Freebird then received another boost when it won the top award (worth €50,000) in the 2015 European Social Innovation Competition which saw 1,400 ideas from 40 countries addressing issues of inclusion and accessibility for Europe’s ageing population.

Mixing business pleasure over 50s

The company launched a pilot in October 2015 to connect Londoners with Freebird hosts in Co Kerry and Peter and his business partner Nga-Hong Lau, who manages the technical side behind the venture, have tweaked it now that the website has gone live. Based on Peter’s research there is a paid registration fee to use the site, of €25 (£21) , as focus groups told him they would have more trust in a site where people pay for access.

Membership provides access to an age- friendly website where members can book and pay for stays both here and internationally. “The safety of members is a priority, so we have invested heavily in ensuring that we have the best possible identity verification in place.” The company, which takes a 12 per cent commission from guests and three per cent from hosts on each booking, as well as the joining fee, which acts as a security check. Participants are required to create a profile, with a picture, and submit proof of identification.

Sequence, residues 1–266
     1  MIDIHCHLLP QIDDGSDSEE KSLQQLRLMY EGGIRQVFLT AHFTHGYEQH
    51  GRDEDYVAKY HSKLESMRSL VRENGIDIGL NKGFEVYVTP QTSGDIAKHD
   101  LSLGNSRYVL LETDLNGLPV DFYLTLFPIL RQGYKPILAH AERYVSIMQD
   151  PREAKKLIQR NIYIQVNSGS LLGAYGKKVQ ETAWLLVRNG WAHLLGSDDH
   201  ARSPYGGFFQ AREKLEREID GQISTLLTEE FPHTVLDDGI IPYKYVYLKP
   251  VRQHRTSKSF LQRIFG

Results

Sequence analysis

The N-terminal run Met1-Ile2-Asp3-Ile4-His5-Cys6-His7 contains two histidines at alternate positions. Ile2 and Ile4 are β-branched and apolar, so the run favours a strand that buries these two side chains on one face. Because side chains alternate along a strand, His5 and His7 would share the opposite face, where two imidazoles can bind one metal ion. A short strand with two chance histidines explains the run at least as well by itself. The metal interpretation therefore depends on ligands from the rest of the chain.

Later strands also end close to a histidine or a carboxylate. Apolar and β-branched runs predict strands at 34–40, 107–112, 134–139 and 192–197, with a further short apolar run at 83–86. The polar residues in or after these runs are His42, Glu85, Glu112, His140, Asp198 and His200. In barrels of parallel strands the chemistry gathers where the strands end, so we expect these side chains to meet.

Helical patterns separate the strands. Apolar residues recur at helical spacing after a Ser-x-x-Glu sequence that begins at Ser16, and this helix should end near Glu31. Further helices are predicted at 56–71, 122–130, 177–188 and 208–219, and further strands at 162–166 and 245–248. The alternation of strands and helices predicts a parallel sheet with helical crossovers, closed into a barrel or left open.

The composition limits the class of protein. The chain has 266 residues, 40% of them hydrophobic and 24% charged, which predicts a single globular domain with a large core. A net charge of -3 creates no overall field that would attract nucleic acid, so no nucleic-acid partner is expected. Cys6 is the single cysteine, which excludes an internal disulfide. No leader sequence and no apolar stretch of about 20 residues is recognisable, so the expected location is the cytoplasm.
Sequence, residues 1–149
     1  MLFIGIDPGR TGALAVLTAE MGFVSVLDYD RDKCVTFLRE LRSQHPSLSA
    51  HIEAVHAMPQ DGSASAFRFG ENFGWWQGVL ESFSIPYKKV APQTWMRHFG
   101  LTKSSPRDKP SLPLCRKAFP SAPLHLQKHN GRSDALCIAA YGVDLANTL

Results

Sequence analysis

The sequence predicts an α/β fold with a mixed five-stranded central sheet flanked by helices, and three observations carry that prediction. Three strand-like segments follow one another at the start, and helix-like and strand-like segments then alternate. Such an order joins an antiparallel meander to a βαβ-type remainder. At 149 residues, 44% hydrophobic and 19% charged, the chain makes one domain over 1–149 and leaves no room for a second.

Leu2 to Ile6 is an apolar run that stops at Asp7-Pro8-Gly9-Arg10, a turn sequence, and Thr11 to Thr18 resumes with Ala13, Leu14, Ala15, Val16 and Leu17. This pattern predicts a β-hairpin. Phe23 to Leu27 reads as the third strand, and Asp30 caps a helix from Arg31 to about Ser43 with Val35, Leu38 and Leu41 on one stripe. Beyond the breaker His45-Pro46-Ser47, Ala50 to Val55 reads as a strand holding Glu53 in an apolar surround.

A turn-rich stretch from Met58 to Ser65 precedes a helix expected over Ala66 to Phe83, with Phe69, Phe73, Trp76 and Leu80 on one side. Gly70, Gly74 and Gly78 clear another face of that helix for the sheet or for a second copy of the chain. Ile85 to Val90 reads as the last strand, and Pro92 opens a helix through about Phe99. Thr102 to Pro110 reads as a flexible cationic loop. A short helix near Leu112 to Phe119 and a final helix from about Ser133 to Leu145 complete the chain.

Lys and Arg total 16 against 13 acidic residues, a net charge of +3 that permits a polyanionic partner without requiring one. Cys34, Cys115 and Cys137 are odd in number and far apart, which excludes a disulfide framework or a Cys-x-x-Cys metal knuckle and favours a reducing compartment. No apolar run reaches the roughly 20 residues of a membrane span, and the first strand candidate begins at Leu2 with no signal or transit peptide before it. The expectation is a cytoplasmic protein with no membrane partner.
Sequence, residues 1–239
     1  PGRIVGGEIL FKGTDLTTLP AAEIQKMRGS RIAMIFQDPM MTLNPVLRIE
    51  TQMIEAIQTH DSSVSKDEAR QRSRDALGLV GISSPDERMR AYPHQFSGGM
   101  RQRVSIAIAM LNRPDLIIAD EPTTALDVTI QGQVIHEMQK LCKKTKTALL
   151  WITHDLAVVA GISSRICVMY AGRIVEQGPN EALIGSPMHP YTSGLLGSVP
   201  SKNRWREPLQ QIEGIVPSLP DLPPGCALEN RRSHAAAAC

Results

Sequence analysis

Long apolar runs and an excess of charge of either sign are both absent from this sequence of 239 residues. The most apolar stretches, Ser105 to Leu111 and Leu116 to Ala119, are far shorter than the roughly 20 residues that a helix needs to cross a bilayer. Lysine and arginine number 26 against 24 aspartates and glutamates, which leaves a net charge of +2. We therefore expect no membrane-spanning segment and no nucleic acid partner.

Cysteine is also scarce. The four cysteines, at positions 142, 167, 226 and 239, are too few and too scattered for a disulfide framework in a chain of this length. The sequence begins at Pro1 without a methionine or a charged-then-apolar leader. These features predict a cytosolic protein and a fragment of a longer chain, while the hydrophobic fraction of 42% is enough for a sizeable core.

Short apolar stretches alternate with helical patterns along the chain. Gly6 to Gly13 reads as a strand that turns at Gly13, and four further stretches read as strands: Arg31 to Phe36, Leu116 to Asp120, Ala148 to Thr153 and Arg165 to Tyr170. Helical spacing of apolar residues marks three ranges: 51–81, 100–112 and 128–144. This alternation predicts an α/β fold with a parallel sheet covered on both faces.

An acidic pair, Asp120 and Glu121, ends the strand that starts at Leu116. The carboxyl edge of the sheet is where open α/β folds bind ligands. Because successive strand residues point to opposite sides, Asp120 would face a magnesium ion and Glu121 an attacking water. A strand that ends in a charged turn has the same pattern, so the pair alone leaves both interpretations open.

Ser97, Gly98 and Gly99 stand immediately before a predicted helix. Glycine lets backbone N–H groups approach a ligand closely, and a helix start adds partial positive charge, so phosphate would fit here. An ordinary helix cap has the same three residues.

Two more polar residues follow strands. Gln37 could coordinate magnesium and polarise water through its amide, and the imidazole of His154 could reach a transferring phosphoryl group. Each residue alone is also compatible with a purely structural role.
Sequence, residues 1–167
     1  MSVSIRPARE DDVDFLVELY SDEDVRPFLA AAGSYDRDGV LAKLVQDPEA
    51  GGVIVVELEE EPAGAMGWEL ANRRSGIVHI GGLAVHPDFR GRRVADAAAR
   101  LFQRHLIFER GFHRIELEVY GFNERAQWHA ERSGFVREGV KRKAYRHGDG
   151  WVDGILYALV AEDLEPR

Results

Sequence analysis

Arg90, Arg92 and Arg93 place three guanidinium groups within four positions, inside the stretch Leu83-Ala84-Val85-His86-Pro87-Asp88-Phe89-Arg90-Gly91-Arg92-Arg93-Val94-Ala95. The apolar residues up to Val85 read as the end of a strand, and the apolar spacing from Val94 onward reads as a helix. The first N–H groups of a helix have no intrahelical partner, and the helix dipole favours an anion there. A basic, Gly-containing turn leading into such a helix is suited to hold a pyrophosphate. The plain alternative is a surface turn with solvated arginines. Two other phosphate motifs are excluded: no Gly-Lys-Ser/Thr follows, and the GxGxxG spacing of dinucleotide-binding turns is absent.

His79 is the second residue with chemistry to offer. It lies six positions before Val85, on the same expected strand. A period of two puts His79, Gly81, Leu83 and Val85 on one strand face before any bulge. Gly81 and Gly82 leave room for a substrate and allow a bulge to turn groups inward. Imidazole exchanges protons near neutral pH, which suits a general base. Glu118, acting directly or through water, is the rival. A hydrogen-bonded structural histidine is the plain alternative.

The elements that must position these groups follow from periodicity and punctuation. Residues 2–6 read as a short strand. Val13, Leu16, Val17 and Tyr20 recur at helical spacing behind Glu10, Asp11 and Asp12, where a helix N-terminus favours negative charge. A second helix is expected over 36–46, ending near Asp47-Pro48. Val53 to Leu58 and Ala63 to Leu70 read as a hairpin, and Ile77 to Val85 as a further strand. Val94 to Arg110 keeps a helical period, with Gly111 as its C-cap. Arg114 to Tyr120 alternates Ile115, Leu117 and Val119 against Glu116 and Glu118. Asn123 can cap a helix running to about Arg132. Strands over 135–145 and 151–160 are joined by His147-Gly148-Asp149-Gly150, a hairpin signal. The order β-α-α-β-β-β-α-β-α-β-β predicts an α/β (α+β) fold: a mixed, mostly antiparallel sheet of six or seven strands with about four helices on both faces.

Vetted hosts

All hosts are vetted by the Freebird Club, through direct communication such as a phone call. Hosts and guests can see the profiles of other members, rather than just their properties. They are asked to state their preferred level of interaction with guests and to include details about mobility and the house’s accessibility. And while a traveller can initiate contact with a homeowner, only a host can activate the booking, by inviting the guest to stay.

Mixing business pleasure over 50s